We were surprised to find a pond that was hosting a small group of Cinnamon Teals and Blue-Winged Teals. I seldom see the Blue-Winged ones, so it’s always a treat when we can find them.

We were also surprised by the huge swaths of Flatface Calicoflowers (downingia) that we could see from various vantage points along the auto tour route. Charlie Russell, one of our favorite botanists, had told us the flowers were there, but that was several weeks ago, so we thought they’d all be dried up and gone by now.

One of the really fun finds for me was a new-to-me gall on one of the Goodding’s Willow trees near a parking area along the route. It was listed in Russo as the gall Willow Bud Gall Mite, Aculops aenigma.  The mites cause the tree to create crenulated bunches of plant material on its leaves, catkins and stems. [They kind of look like ash flower galls to me.]

In that same area, I saw several damselflies: Tule Bluets and Pacific Forktails.

CLICK HERE for the full album of photos.

We then headed over to the Ibis Rookery in Woodland. The pond was flooded, and there were no ibises there yet [they usually nest in the summer months.] It was hard to get close-ups of anyone because what birds there were, were mostly in the ponds and furthest from the edge of the driving route.  There were some of the usual suspects including  Canada Geese, Ruddy Ducks, and Black-Necked Stilts, but a big surprise for us was spotting a solitary Eared Grebe in full breeding plumage.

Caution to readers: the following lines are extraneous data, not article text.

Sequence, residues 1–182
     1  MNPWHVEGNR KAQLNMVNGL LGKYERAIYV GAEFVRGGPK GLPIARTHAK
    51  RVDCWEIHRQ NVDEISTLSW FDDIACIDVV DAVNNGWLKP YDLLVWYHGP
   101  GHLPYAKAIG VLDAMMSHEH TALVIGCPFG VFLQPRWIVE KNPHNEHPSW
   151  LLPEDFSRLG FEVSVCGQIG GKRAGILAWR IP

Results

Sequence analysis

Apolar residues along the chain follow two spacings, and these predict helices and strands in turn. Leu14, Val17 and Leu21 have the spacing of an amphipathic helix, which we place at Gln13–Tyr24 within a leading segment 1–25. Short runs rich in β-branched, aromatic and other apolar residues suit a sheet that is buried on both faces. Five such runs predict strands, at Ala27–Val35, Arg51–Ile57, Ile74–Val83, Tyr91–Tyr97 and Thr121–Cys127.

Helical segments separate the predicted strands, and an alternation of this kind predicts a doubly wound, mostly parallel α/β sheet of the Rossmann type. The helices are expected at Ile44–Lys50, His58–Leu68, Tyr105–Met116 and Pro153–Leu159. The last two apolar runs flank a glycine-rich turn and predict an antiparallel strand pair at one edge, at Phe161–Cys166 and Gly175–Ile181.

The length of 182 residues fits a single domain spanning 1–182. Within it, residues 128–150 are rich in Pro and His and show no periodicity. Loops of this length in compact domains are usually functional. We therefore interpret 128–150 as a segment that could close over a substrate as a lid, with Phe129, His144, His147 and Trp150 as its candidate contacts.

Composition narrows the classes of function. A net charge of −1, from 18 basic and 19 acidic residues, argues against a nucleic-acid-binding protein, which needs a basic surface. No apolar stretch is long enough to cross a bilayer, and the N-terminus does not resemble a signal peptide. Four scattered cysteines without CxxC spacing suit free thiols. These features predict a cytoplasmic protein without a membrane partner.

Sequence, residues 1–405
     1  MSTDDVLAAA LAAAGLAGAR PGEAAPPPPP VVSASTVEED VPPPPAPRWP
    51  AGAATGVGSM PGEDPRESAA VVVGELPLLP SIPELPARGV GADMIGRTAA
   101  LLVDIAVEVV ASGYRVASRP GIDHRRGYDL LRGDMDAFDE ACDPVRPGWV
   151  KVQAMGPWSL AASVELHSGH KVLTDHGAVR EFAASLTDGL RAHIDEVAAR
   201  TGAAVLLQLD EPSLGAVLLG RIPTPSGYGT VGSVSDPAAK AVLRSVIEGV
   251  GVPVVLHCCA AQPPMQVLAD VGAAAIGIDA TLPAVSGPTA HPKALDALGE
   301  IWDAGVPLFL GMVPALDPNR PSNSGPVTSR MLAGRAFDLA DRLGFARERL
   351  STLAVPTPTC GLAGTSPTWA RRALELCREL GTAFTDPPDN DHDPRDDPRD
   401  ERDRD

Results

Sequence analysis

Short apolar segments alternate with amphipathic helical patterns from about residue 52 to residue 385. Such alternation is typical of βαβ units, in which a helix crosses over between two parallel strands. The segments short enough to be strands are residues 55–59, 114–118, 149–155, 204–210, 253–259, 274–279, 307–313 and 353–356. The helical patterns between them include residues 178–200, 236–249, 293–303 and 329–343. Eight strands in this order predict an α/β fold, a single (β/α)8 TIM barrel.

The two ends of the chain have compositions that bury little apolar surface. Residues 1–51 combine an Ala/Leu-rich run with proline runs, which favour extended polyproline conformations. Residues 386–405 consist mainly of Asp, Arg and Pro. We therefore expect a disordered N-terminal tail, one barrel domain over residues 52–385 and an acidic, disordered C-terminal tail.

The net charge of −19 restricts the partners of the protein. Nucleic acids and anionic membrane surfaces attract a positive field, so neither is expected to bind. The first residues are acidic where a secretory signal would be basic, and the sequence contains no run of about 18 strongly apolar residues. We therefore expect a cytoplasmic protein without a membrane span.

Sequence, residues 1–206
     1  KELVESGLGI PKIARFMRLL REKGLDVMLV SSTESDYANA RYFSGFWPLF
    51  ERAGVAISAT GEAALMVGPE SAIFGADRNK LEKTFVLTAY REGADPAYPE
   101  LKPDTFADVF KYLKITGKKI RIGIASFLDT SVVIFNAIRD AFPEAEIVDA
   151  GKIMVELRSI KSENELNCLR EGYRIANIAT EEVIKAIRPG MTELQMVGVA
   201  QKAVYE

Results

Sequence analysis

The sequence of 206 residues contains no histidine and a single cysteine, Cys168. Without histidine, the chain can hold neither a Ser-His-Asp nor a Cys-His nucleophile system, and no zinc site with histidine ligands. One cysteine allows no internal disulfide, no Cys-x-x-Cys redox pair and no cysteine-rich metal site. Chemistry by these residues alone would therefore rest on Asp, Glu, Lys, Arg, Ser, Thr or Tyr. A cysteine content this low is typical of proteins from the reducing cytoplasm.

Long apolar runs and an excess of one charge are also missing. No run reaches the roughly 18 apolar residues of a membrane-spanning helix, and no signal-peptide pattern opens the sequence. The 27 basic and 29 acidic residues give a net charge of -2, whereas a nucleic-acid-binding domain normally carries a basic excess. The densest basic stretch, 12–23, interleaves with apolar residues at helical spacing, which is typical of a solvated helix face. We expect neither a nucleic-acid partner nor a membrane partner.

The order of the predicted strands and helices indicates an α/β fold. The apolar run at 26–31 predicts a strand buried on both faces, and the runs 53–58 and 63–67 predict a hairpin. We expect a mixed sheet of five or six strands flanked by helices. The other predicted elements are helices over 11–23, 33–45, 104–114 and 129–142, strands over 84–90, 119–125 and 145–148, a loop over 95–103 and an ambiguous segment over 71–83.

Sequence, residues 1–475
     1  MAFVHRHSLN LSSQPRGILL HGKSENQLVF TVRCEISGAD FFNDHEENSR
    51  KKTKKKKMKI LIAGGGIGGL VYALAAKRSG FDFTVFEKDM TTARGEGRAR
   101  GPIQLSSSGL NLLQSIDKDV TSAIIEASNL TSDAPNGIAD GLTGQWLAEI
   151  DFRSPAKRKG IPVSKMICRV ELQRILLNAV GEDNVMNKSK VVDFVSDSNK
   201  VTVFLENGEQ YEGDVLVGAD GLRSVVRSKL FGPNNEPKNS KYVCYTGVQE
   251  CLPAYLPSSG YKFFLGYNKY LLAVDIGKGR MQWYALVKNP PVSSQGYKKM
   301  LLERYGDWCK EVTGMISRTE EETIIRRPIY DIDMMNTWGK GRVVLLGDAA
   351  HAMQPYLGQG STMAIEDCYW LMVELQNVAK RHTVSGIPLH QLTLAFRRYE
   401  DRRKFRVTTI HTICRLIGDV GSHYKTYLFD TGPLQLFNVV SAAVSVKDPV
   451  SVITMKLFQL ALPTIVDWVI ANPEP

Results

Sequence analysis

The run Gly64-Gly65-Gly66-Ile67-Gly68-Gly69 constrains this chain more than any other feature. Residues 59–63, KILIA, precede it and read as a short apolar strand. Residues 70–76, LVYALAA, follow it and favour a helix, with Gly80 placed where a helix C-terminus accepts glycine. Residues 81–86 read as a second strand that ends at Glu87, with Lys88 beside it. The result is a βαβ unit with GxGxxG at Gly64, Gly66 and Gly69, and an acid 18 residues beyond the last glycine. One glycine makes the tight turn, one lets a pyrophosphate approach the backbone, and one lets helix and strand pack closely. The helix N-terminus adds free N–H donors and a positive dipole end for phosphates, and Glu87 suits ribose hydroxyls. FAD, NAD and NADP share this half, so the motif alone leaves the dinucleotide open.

I’ve seen the grebe before in their dull, gray non-breeding plumage, but not in the breeding plumage which is spectacular. Cornell describes it as: “[having] a black head, neck, breast, and upperparts, cinnamon-brown sides and flanks, white belly, and head with black crest and bright golden ear tufts (elongated feathers extending distally from around rear eye); foreneck sometimes largely tinged brownish; crown feathers erectile, usually forming peaked profile, sometimes crest…”